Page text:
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SENTENCING - Criminal Code offences - Robbery with prohibited firearm - Particular sanctions - Imprisonment - Sentencing considerations - Maximum or minimum sentence available - Seriousness of offence

Tuesday, April 24, 2018 @ 8:37 AM  


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Appeal by McIvor from the five-year jail sentence imposed on him following his conviction for robbery with a prohibited firearm. McIvor pleaded guilty to this offence and three other weapons offences arising from an incident in which McIvor and another male stole a bicycle from a youth and continued to harass him before Brooks intervened. During the ensuing confrontation, the youth ran away and McIvor pointed a sawed-off rifle at Brooks and demanded Brooks’ property. When Brooks produced a bottle with which to defend himself, McIvor and his companion backed down and left the area. The offence of robbery with a prohibited weapon pursuant to s. 344(1)(a)(i) of the Criminal Code bore a minimum sentence of five years’ imprisonment. McIvor argued at sentencing that a two-year sentence for his offence would be appropriate, and that the mandatory minimum was grossly disproportionate given that only a difference of four inches in length made his rifle a prohibited, rather than a non-prohibited, firearm. The Crown sought a sentence of between four and six years’ imprisonment. The judge found that a sentence of between three-and-one-half and four years’ imprisonment would be appropriate; as such, a five-year sentence was not grossly disproportionate. She went on to find that the mandatory minimum would not capture conduct that would result in the application of a grossly disproportionate sentence for other offenders.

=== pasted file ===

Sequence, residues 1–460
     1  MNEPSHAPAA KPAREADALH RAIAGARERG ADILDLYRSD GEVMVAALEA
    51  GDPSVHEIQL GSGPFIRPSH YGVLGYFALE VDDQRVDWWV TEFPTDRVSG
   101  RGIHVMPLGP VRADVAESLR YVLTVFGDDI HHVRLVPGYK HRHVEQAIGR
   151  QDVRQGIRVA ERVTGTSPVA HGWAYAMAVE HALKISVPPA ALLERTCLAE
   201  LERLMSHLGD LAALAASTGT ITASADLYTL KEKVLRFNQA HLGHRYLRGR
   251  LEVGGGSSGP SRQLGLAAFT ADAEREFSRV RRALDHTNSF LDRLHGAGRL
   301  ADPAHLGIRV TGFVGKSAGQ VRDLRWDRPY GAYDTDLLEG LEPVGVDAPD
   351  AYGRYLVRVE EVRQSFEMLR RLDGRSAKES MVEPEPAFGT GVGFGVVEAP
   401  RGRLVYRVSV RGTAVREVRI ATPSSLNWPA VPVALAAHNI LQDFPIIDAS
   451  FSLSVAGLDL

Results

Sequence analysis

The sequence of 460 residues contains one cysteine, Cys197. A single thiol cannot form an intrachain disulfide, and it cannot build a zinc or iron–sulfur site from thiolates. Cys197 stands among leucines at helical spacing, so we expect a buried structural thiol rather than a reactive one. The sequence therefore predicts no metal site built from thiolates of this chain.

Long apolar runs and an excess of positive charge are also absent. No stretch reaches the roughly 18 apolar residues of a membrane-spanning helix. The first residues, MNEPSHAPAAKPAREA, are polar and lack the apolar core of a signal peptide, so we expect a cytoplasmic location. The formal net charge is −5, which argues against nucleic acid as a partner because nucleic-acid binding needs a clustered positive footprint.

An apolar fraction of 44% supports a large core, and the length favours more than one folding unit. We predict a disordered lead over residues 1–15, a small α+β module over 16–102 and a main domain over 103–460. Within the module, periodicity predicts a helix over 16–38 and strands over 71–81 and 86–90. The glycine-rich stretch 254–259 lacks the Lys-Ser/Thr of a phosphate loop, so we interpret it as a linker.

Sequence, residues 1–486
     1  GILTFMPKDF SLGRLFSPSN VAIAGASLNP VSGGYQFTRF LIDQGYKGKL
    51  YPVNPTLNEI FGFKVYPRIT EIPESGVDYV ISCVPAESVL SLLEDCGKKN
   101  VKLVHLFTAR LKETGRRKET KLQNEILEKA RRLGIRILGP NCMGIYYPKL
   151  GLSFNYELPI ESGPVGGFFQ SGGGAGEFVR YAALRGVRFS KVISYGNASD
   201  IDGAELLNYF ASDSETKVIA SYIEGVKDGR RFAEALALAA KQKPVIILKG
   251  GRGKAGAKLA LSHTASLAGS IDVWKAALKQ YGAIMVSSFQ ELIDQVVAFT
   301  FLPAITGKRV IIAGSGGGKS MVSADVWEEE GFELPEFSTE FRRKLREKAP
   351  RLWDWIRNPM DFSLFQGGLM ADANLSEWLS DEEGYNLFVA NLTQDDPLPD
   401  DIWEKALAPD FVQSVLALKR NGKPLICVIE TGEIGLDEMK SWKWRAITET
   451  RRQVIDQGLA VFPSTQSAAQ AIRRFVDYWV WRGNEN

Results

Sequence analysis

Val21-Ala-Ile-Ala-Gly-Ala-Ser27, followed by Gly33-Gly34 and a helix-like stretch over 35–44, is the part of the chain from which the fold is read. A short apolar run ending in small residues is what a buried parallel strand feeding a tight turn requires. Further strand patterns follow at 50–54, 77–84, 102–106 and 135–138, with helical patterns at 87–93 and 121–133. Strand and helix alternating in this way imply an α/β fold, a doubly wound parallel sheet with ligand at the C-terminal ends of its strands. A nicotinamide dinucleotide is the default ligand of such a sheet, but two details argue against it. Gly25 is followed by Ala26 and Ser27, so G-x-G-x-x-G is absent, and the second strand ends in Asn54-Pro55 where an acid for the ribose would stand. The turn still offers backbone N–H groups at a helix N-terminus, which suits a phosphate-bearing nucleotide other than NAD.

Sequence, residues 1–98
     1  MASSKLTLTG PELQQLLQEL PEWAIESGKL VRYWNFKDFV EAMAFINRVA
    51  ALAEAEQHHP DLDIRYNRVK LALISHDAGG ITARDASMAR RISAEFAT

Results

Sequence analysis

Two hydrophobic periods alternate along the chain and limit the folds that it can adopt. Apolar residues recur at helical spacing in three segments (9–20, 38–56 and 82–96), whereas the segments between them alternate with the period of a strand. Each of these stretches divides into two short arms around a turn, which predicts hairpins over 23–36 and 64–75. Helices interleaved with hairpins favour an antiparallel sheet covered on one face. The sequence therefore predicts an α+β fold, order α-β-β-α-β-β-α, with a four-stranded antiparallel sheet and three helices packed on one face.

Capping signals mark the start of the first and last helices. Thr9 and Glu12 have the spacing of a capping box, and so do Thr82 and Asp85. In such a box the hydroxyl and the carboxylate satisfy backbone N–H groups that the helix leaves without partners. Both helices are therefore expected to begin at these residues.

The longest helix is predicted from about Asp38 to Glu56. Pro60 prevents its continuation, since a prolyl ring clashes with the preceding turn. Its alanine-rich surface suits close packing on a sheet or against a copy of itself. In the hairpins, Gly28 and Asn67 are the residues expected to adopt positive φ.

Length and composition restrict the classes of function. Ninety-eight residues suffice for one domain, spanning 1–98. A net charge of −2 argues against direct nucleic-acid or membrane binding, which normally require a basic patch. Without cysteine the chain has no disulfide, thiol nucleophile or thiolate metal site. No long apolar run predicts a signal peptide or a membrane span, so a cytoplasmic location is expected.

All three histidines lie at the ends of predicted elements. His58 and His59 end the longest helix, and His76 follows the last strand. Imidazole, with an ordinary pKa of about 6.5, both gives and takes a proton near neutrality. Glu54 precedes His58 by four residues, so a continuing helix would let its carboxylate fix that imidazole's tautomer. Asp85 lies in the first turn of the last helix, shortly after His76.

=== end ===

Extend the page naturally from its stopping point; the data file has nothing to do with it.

HELD: Appeal dismissed. The judge did not err in finding that the minimum sentence was not grossly disproportionate as it applied to McIvor or in reasonably foreseeable circumstances. The judge’s finding with respect to the appropriate sentencing range for McIvor, absent the mandatory minimum, was at the low end of the appropriate range. The judge considered the relevant factors, including the gravity of the offence, the circumstances of the offender and the offence, the effect of the punishment on McIvor, whether the punishment was necessary, whether alternatives to the punishment existed, and the sentences imposed for other crimes in the same jurisdiction. The use of a prohibited weapon, like a sawed-off rifle that could be more easily concealed due to its size, made McIvor’s offence more serious than other armed robberies and warranted an increase from the four-year mandatory minimum sentence for robbery with a firearm. McIvor failed to identify a hypothetical case supporting his position that the mandatory five-year minimum for robbery with a prohibited firearm would be grossly disproportionate. Parliament had a clear intention to discourage the use of firearms for criminal purposes through the imposition of mandatory minimum punishments, and to treat robberies committed with firearms more harshly than such crimes were treated prior to the implementation of the mandatory minimums.

R. v. McIvor, [2018] M.J. No. 66, Manitoba Court of Appeal, R.J.F. Chartier C.J.M., H.C. Beard and J. leMaistre JJ.A., March 23, 2018. Digest No. TLD-April232018004